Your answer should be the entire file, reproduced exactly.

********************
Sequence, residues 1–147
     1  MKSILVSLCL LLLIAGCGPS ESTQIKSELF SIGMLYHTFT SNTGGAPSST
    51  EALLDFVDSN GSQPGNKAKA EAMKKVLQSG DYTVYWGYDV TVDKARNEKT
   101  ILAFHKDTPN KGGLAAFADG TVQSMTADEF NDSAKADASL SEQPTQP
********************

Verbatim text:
Sequence, residues 1–147
     1  MKSILVSLCL LLLIAGCGPS ESTQIKSELF SIGMLYHTFT SNTGGAPSST
    51  EALLDFVDSN GSQPGNKAKA EAMKKVLQSG DYTVYWGYDV TVDKARNEKT
   101  ILAFHKDTPN KGGLAAFADG TVQSMTADEF NDSAKADASL SEQPTQP